Man Fined in German Amber Room Case
Feb. 21, 2000
BREMEN, Germany (AP) _ A German court on Monday convicted a notary of trying to find a buyer for a mosaic panel identified as part of the long-sought ``Amber Room'' treasure, which disappeared after World War II.
The Bremen state court ordered the 62-year-old man to pay a fine worth $25,000 for his conviction on a charge of accessory to attempted fraud. His name was not immediately available.
The 1,300-square-foot Amber Room _ named after the wall panels of amber _ was a gift from Prussian King Frederick William to Russia's Peter the Great. The panels were installed in a palace the czar built for his wife, Catherine I, in Tsarskoe Selo outside St. Petersburg, Russia.
Retreating Nazi troops looted the palace in World War II. The Amber Room's panels were moved to a castle in Koenigsburg, now Kalinigrad in Russia, but they disappeared in 1945.
One mosaic panel was found in 1997 in the possession of a man in Bremen who had inherited it from his father. The man, who also was charged in the case but has since died, claimed he only discovered what the panel was after watching a TV documentary on the Amber Room.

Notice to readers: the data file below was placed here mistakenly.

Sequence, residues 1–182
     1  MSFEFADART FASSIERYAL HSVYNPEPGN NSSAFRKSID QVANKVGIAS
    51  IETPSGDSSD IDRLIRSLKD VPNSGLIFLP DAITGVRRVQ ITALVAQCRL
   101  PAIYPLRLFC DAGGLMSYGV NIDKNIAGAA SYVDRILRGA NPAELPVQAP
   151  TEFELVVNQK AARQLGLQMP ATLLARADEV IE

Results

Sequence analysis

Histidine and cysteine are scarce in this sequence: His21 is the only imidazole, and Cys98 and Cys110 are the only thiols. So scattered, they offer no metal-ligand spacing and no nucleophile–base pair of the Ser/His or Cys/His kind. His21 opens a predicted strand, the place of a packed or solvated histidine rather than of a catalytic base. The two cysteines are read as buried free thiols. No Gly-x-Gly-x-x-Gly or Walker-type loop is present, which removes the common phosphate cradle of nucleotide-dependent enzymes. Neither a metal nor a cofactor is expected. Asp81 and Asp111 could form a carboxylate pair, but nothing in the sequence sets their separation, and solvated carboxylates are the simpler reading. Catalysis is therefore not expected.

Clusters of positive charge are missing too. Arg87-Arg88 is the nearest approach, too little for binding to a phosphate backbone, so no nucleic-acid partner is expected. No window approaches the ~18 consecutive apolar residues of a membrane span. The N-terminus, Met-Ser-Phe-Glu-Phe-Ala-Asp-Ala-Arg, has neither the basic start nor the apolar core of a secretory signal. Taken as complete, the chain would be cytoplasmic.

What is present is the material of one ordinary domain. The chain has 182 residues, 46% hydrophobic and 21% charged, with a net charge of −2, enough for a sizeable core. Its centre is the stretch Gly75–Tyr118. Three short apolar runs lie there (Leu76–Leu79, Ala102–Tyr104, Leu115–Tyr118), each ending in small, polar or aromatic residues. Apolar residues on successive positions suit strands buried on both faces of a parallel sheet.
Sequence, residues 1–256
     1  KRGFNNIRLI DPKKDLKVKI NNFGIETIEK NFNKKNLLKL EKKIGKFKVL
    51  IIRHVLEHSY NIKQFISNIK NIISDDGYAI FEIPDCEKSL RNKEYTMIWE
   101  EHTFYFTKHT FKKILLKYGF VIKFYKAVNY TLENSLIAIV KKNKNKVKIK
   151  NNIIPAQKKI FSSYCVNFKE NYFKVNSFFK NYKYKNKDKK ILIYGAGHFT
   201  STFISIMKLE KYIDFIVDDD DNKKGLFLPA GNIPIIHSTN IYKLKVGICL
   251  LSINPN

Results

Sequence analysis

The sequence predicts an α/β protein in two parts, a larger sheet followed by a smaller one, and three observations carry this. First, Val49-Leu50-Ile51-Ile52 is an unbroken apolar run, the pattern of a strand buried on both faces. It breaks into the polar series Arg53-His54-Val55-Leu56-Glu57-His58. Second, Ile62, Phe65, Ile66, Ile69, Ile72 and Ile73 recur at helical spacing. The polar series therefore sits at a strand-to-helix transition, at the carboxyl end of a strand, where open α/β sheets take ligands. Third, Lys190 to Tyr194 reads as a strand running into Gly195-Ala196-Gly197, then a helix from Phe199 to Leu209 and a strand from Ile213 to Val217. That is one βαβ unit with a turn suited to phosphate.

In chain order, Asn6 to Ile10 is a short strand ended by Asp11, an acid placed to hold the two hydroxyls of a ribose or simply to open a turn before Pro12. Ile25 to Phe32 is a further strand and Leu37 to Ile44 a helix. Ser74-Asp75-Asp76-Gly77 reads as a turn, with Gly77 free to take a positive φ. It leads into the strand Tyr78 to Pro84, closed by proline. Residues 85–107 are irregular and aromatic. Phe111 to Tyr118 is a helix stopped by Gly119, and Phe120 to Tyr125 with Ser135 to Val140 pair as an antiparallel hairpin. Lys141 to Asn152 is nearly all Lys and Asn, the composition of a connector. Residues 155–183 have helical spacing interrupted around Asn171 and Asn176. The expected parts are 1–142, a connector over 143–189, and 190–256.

He contacted the notary public, asking him to arrange the sale of the treasure. The asking price was the equivalent of $2.5 million, prosecutors said.
Under an agreement with the Russian government, Bremen plans to return the mosaic to Russia in exchange for the return of 101 other works of art that were removed from Germany by the Red Army after the war, city Mayor Henning Scherf said last month. Those works are to include art by Albrecht Duerer, Manet, Goya and Toulouse-Lautrec.
The $25,000 fine is to be split evenly between the German state's treasury and the Bremen Art Center.